I was enthralled by Laura van den Berg’s short story “Opa-Locka,” a tale of two sisters who come together to form a private eye firm called Winslow & Co. The piece starts off in the midst of a stakeout: The sisters are spying on a potentially adulterous husband from the top of a nearby building. But the story doesn’t really take off, I think, until the stakeout fails and the sisters’ relationship begins to wane. The narrator, around whom the story is centered, loses her drive to work as a private investigator and stays at her home in Opa-Locka, trying to piece together the meaning behind some mysterious postcards she keeps getting in the mail. Her sister, Julia, on the other hand, continues her work as a PI, contracting increasingly more dangerous clients. As the story unfolds and reaches its conclusion, the narrator discovers that the postcards are actually coming from their father, who has been living in Nevada as a grifter, and soon after, Julia is shot and killed at a stoplight.
Van den Berg stages the narrator in concrete and familiar settings, and then subtly pulls her in and out of reality—the reality of Julia’s dangerous situation—to create a surreal and dreamlike setting. The transitions between realities aren’t dramatic, like going through a time machine, but they’re enough to reveal the author’s true intention for creating the character: to discover and explore the unknown. For instance, when the narrator is at the theatre listening to a performance by the singer Mrs. Defonte—a routine she’d developed to subdue her concern for her sister after leaving the private eye business—she becomes entranced by the actors and singers performing and the objects around them. This reveals some of the feelings and thoughts that were originally dormant in the narrator’s subconscious, such as her transparent love for her husband, elicited by a bouquet of flowers, and opens up her literary “heart” to the reader, allowing the reader to identify the writer’s desires behind the character.
Van den Berg shares the narrator’s longing for an alternative reality—a “way out” of reality. In an interview with herself, she revealed that her love—and fear—for the unknown came from the children’s book Where the Wild Things Are, and that she was “enamored with the idea of these creatures spiriting Max away to a different kind of world” (TNB interview). Van den Berg explained that Max, the protagonist in Where the Wild Things Are, took a journey to another world—a journey that is similar to that of the narrator in “Opa-Locka.”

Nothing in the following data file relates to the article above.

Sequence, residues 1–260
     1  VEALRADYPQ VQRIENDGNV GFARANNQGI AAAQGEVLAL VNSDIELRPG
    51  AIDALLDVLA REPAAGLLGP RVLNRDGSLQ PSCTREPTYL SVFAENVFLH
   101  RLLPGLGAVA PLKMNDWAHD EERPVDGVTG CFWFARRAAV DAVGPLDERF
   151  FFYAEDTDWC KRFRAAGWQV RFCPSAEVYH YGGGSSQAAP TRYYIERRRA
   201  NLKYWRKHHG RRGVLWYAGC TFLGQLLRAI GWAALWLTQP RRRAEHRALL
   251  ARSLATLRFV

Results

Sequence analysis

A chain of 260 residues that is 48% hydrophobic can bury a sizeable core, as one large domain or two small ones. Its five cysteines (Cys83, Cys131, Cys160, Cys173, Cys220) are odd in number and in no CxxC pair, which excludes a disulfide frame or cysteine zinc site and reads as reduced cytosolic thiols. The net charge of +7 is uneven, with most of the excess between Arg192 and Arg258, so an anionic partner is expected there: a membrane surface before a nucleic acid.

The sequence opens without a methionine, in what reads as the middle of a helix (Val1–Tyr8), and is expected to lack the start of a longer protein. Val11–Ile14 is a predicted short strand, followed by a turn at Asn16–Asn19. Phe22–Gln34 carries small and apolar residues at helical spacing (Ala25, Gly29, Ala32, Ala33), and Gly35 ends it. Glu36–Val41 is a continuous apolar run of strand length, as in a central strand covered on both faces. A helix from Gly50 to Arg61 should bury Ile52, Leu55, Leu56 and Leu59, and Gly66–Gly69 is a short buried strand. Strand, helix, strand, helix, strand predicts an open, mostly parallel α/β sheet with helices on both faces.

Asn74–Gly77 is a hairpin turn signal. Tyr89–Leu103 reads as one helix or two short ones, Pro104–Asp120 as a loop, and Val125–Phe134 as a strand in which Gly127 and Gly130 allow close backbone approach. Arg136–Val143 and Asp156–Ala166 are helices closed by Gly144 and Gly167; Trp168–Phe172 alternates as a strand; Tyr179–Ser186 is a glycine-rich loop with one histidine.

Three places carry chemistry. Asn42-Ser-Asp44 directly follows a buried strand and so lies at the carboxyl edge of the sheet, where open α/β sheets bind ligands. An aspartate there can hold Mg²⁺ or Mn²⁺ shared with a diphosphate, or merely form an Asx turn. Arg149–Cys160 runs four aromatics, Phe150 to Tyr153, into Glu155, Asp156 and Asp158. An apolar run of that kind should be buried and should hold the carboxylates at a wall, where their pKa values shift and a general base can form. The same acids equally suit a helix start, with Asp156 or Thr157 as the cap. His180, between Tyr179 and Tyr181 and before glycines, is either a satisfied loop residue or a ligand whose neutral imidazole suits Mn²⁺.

The narrator’s journey is depicted in vivid detail, and the descriptions seem based on firsthand experience: “Back at the apartment, I called my husband . . . I tried calling him three times, but I couldn’t get through; his cell phone had been disconnected. For a while I pretended the beep beep beep was my husband trying to reach me. I told myself he was using Morse code, which I had learned about in detective school. ‘Hello,’ I said. ‘I’m listening’.” But really, Van Den Berg is writing about a different reality, and writing about what she doesn’t know, to create a more immersive understanding not only for the reader, but for herself: “I learned that I had to write what I didn’t know to find out what I did” (Tinge magazine interview).
I find the charm in van den Berg’s writing is not her tendency to escape into another world entirely, but the way she toes the line between the known and the unknown, and then provides subtle commentary on the experience of living on the edge of realism. She inspires the writer in me to flirt with the unknown at its indiscriminate threshold and find an alternative reality that works for me. I look forward to reading more of Laura van den Berg’s stories, such as What the World Will Look Like When All the Water Leaves Us and her forthcoming book, Find Me, to discover more ways to create effective alternative realities within stories.
This post was written by Josh Vaught.
2 thoughts on “Analysis of “Opa-Locka” and Laura van den Berg’s Use of Alternative Reality”
This is simply super